Thymoquinone induces cell proliferation inhibition and apoptosis in acute myeloid leukemia cells: role of apoptosis-related WT1 and BCL2 genes
a Biochemistry Department, Faculty of Science, King Abdulaziz University, Jeddah, Saudi Arabia.
b Department of Basic Medical Sciences, College of Medicine and Health Sciences, Hadhramout University, Mukalla, Yemen.
c Nanomedicine Department, King Abdullah International Medical Research Center (KAIMRC), King Saud bin Abdulaziz University for Health Sciences.
d Cancer Metabolism and Epigenetic Unit, Faculty of Science, King Abdulaziz University, Jeddah, Saudi Arabia.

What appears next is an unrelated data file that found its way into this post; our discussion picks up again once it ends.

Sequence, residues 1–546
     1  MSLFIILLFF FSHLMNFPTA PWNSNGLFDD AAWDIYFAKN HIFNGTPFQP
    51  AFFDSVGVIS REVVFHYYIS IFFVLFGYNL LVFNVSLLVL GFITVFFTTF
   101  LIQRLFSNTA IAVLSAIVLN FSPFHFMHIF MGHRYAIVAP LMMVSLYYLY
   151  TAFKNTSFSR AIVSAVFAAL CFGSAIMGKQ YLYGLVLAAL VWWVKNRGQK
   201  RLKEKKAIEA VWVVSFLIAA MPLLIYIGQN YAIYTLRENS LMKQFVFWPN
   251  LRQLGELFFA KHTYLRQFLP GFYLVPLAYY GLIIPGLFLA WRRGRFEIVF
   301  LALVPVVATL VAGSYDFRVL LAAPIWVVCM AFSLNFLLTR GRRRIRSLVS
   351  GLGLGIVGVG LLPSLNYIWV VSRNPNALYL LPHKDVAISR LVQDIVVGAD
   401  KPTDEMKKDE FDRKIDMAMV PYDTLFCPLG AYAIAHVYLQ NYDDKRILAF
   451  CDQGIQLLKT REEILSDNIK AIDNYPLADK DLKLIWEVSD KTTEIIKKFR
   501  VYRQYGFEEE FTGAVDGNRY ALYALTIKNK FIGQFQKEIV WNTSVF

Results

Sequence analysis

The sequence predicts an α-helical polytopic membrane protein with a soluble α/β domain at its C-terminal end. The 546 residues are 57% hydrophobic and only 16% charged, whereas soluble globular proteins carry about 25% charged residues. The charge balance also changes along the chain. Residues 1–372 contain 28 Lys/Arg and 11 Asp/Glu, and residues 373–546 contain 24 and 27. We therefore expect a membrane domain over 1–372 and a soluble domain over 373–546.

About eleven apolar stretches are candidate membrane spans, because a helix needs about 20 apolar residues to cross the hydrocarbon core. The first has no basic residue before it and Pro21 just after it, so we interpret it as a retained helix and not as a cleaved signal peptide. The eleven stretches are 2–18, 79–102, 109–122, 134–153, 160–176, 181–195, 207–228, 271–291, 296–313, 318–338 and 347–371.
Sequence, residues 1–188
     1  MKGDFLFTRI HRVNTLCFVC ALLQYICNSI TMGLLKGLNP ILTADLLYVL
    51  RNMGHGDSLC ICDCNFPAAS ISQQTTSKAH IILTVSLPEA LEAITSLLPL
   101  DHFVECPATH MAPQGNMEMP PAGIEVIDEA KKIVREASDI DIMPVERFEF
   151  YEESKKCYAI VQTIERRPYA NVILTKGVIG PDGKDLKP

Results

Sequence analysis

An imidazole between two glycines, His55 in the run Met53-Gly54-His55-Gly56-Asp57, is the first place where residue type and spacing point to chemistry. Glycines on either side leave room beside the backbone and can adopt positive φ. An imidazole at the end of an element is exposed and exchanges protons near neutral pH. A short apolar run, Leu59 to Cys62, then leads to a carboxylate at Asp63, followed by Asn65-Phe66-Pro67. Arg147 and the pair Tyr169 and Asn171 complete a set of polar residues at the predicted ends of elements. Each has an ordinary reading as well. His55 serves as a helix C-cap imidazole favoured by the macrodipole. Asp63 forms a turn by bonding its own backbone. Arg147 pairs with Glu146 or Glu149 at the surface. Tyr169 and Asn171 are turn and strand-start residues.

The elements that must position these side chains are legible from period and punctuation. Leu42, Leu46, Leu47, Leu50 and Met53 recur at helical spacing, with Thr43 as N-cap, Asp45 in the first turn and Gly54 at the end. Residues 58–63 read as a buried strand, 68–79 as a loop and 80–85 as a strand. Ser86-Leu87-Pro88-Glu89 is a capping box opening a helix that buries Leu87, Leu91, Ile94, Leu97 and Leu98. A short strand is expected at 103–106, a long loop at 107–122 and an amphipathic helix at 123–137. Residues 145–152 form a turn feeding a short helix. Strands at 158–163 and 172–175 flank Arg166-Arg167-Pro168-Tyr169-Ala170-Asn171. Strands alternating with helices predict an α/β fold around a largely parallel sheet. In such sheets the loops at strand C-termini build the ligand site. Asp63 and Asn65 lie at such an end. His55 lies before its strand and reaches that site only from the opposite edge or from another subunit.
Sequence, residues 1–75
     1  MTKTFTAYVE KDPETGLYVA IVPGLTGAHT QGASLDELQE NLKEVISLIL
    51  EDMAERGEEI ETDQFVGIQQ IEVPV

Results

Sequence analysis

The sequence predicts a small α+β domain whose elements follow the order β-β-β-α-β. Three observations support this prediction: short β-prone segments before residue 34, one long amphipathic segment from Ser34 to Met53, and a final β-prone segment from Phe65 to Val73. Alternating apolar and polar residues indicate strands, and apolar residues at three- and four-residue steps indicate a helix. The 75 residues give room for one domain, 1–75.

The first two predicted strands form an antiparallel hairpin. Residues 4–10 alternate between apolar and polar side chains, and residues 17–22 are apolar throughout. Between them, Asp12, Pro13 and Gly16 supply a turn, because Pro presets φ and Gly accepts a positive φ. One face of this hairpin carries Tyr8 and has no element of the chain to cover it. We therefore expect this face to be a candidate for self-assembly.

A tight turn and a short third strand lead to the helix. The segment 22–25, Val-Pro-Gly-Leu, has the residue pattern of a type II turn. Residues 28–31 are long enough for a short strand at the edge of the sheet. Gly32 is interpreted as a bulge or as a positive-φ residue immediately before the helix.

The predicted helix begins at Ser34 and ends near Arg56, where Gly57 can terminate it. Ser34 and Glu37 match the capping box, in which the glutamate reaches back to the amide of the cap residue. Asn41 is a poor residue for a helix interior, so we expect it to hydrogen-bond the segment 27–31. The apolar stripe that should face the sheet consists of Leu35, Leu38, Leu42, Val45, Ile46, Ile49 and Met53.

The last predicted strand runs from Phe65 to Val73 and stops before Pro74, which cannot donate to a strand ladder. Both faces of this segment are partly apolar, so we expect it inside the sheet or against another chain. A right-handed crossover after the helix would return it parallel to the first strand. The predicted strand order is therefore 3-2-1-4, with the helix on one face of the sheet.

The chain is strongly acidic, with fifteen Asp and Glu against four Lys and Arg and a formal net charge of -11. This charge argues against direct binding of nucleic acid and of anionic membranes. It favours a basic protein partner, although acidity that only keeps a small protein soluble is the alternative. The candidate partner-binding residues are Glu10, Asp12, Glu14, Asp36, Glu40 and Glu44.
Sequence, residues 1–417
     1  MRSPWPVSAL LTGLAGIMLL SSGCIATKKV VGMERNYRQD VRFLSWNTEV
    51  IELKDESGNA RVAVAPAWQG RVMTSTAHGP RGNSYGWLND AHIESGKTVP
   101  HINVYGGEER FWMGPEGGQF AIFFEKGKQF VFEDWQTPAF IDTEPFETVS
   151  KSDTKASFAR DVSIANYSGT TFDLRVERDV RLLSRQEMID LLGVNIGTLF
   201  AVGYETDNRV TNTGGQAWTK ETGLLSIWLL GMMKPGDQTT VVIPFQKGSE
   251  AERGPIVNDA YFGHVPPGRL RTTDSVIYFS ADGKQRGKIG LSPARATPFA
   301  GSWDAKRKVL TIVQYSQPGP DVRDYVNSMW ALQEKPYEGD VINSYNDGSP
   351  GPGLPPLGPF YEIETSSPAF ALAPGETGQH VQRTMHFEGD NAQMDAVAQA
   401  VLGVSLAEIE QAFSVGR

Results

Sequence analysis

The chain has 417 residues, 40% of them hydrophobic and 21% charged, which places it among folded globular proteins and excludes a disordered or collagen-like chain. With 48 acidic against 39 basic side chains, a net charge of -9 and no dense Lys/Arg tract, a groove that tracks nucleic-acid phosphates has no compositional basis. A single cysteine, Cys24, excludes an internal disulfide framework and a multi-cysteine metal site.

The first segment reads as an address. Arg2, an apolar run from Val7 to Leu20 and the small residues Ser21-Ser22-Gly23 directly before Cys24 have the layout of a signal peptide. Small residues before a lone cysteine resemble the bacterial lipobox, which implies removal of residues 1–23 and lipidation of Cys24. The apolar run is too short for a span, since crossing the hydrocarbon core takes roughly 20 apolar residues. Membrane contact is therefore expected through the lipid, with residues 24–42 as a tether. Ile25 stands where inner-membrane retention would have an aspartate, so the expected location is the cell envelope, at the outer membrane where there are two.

Acute myeloid leukemia (AML) is an aggressive and heterogeneous disease characterized by an abnormal proliferation and impaired differentiation of the myeloid precursor cells. The outcome for most AML patients remains poor with high relapse rates and chemotherapy remains the first line treatment for AML. The Wilms tumor wt1 and the anti-apoptotic BCL2 genes are upregulated in AML and are known to be involved in apoptosis inhibition. In the present study we evaluated the molecular mechanisms underlie the anti-proliferative and pro-apoptotic activities exerted by thymoquinone (TQ), the major biologically active compound of the black seed oil on acute myeloid leukemia (AML) cell line-HL60. Cell proliferation was determined by WST-1 assay and apoptosis rate was assessed by flow cytometry using annexin-V/7AAD staining. The expression of target genes was analyzed by real-time RT–PCR analysis. TQ significantly reduced HL60 cell viability and induced apoptosis in a dose and time-dependent manner. In order to decipher the molecular mechanisms underlie the anti-cancer activities induced by TQ in AML cells, we investigated its effect on the expression of WT1 and BCL2 genes. TQ significantly decreased the expression of WT1 and BCL2 genes in a dose and time-dependent manner. In summary, these findings suggest that TQ induces cell proliferation inhibition and apoptosis in acute myeloid leukemia cells most likely through targeting the apoptosis-related WT1 and BCL2 genes and also suggest that TQ could be a promising strategy for AML therapy.